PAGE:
February 15, 2019

State loan, crowdfunding boost Hartford composter

Photo | Contributed
Photo | Contributed
Blue Earth's new compost truck.

Blue Earth Composting is expanding its reach with the help of a recent economic development loan.

The company, founded five years ago and led by Alexander Williams, said it's positioned to become the largest diverter of food scraps in Connecticut, a state that produces approximately 400,000 tons of scraps per year.

Last month, the Department of Economic and Community Development (DECD) loaned Blue Earth $133,000 to purchase a new collection truck.

The truck, built in Ohio, arrived recently in Connecticut and is being painted in Middletown, said Williams, who hopes to have it on the road by the first week of March. Up to now, the company has been picking up compost with box trucks equipped with lift gates. The new, custom-made truck will more than double Blue Earth's hauling capacity, to eight tons per load.

The company is also seeking to raise $20,000 through a recently launched crowdfunding campaign on Indiegogo.

The campaign runs through March 22, and as of Friday had already raised more than half of its goal. It's offering discounted pick-up service and other perks to those who donate.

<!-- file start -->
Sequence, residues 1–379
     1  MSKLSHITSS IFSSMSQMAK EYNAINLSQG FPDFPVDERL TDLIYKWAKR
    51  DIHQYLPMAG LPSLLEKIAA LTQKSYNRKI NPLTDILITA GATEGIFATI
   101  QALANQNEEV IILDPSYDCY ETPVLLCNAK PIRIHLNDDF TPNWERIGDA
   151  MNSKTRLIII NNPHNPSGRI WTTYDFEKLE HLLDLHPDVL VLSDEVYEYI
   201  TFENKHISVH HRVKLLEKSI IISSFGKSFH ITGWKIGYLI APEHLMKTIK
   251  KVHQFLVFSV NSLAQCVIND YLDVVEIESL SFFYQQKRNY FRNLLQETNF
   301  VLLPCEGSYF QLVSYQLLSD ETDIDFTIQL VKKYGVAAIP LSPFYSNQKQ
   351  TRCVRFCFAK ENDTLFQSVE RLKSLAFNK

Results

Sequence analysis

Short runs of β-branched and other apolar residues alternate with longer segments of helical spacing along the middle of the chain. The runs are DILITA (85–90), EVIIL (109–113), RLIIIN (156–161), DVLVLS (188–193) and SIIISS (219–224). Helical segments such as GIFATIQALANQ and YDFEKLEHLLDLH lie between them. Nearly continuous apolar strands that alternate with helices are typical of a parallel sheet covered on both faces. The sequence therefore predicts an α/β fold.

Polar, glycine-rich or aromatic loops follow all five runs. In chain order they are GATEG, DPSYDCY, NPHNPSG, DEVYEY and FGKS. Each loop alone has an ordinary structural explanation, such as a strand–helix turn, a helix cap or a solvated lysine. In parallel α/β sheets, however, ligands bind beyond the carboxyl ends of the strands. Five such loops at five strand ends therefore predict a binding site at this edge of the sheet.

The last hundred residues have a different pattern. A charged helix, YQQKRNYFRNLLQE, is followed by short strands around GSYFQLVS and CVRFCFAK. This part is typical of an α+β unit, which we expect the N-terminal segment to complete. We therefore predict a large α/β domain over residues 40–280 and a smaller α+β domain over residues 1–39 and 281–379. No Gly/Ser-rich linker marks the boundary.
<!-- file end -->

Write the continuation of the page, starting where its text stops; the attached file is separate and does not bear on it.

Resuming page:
Williams acquired Blue Earth in 2014 from its original founder, and said the company's residential customer count has since grown from 22 to 300. Blue Earth also serves commercial customers and special events.

Blue Earth says it has picked up 4.4 million pounds of food scraps since 2013, which amounts to 2,200 tons.

The company recently added two employees, increasing its total workforce to six, as required by the DECD Small Business Express loan, Williams said.

He said composting -- along with recycling and other efforts -- is key to the state's goal of diverting 60 percent of its municipal solid waste from the waste stream, which would reduce the amount of trash that's burned at the aging waste-to-energy plant in Hartford.

The plant, operated by the quasi-public Materials Innovation and Recycling Authority, was forced to shut down for nearly three months after an equipment failure that occurred in November.

The legislature ordered a redevelopment of the plant nearly five years ago, but contract negotiations between MIRA and the state's selected bidder, Sacyr-Rooney, have stalled and gone well past their original deadline of Aug. 29, 2018.

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